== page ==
Apparently in approximately 2005-07, Neal identified 50, 000 accounts, serviced by third party collectors, that were improperly collected or improperly treated by ASTA. Neal told responsible persons at ASTA that refunds should issue and that ASTA's systems should be corrected. (1AC ¶¶ 141-57)

         In 2008, in response to a lawsuit against ASTA, Neal determined that the company was incorrectly merging pre- and post-chargeoff interest. This resulted in improper compounding of interest when judgment was obtained. ASTA never vacated the judgments or took other corrective action. (1AC ¶¶ 158-80)

         In 2007, ASTA acquired the "Great Seneca" portfolio, but later learned from the seller that principal, interest, and fees had been improperly aggregated. Neal informed ASTA that they were collecting improper balances, but the company did nothing to correct it. (1AC ¶¶ 181-95)

         Beginning in 2008, Neal identified reconciliation issues with third party servicers. ASTA did nothing to correct them. (1AC ¶¶ 195-207)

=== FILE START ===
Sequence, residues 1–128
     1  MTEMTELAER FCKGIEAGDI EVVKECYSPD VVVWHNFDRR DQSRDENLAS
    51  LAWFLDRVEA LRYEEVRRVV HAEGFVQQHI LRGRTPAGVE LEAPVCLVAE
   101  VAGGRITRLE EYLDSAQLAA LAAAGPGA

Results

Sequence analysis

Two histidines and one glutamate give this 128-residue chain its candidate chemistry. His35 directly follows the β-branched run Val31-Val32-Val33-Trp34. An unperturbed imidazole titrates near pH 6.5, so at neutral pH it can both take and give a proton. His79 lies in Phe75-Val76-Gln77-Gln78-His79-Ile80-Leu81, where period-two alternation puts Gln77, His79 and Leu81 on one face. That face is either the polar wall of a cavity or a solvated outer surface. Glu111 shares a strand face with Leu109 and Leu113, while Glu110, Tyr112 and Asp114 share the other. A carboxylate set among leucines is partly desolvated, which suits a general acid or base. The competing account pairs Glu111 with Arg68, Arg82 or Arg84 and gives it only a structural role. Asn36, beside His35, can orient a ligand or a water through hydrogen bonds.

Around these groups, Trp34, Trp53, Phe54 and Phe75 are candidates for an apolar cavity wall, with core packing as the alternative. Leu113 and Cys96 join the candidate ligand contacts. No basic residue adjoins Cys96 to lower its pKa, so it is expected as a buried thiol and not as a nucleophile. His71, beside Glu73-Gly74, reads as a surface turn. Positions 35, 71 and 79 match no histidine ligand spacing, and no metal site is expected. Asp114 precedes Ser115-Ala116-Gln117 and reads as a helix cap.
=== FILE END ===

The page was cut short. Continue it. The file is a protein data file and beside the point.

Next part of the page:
Beginning in 2007, ASTA implemented a system for transmitting debtor files to third parties. Neal identified flaws which resulted in the same accounts being sent to multiple third parties for collection. (1AC ¶¶ 208-18)

         In 2008, Neal suggested implementing a system to ensure that the dollar amounts of judgments corresponded to what was requested in complaints. ASTA did not implement the system. (1AC ¶¶ 219-32)

         Beginning in 2007, Neal determined that ASTA was improperly calculating the statute of limitations in certain states and was filing suit after it had expired. (1AC ¶¶ 233-47)

         In 2010, the CEO participated in a wire fraud scheme whereby a person's salary was diverted to another to assist in the concealment of assets in a divorce. (1AC ¶¶ 248-61)

         In the period 2011-12, ASTA retaliated against Neal in various ways, including "setting him up" for termination. Ultimately, in 2012, ASTA allegedly terminated Neal's employment. (1AC ¶¶ 265-72)

         The First Amended Complaint asserts two causes of action:

(1) Violation of the Dodd-Frank Wall Street Reform and Consumer Protection Act, 12 U.S.C. § 5567 the ("Dodd-Frank" count) (1AC ¶¶ 273-78)
(2) Violation of the Sarbanes Oxley Act, 18 U.S.C. § 1514A (the "SOX" count) (1AC¶¶ 279-86)

         The requested relief is narrow: under Dodd-Frank and SOX, Neal seeks "reinstatement with the same seniority status that the employee would have had, but for the discharge or discrimination." (1AC p.22, Request for Relief)


         A. ...